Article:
After its successes in the field of German Baroque religious music, here VOX LUMINIS proposes the first complete recording of the motets by Johann Sebastian Bach's ancestors. These motets, most of which are written for double choir, blend the old tradition inherited from the polyphony of the Renaissance with expressive work inspired by the fashions of the madrigal. The chorale melodies that are quite frequently associated with these motets contribute this colour typical of the Lutheran liturgical repertoire.
…The orchestra, led by violinist Michi Gaigg, is a delight to hear, a finely tuned and ideally balanced ensemble whose playing gives real drive and support to the singers–and, in these world premiere recordings, makes a strong case for hearing a lot more from J.C. The sound is exemplary.
A beguiling rarity. Johann Sebastian’s youngest and most cosmopolitan son composed this serenata in London in 1772. The plot revolves around the triangular relationship between Diana, her nymph Nice and Endymion, slyly manipulated by Cupid and culminating in the obligatory paean to love. In the booklet, Bruno Weil dubs Endimione ‘one of the first operettas’; but though there are touches of cruel humour, usually at Nice’s expense, the musical idiom and structure, based on a sequence of elaborate arias, are essentially those of opera seria. Bach’s suave, mellifluous style often sounds like Mozart minus the master’s dynamic impulse and control of long-range tensions. But there are memorable numbers here, above all in the slow cavatinas for Endymion and Diana, with their delicate, Watteau-esque sensuality. Virtually everything depends on the four principals, who all rise to their challenges. Chief honours go to Ann Monoyios, a graceful, sweet-toned Nice, and Vasiljka Jezovšek as Diana, stylish and shapely in her concerto-like aria with flute obbligato. As Cupid, Jörg Waschinski deploys that rare phenomenon, a falsetto soprano, with some panache, while Jörg Hering is personable, if faintly bland, as Endymion. Direction and orchestral playing are highly capable, with the wind relishing the lavish opportunities Bach offers them. (Richard Wigmore)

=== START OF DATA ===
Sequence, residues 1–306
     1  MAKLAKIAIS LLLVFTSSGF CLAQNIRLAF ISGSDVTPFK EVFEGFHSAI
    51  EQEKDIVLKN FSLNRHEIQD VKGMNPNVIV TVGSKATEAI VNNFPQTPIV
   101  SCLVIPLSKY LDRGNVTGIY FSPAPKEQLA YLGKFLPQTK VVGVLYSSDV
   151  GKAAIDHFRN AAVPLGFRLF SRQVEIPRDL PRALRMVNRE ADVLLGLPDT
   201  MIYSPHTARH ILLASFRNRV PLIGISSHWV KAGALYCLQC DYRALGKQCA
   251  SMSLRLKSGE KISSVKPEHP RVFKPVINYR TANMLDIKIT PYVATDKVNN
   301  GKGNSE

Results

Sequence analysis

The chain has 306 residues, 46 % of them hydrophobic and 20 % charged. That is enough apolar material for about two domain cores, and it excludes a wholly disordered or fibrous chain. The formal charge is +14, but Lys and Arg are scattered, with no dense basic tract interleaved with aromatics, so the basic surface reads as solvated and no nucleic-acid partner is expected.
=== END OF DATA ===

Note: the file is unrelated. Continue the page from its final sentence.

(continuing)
"With this work a new world opened up to us", wrote the actor singer Eduard Devrient, recalling the momentous revival of the St. Matthew Passion some forty years earlier in 1829, when he was joined by Mendelssohn, then barely out of his teens yet fully able and willing to shoulder the burden of a stupendous musical challenge. Bach's masterpiece was already one hundred years old but could look back on little more than one or two unsatisfactory performances, scant recognition, and not a note in print.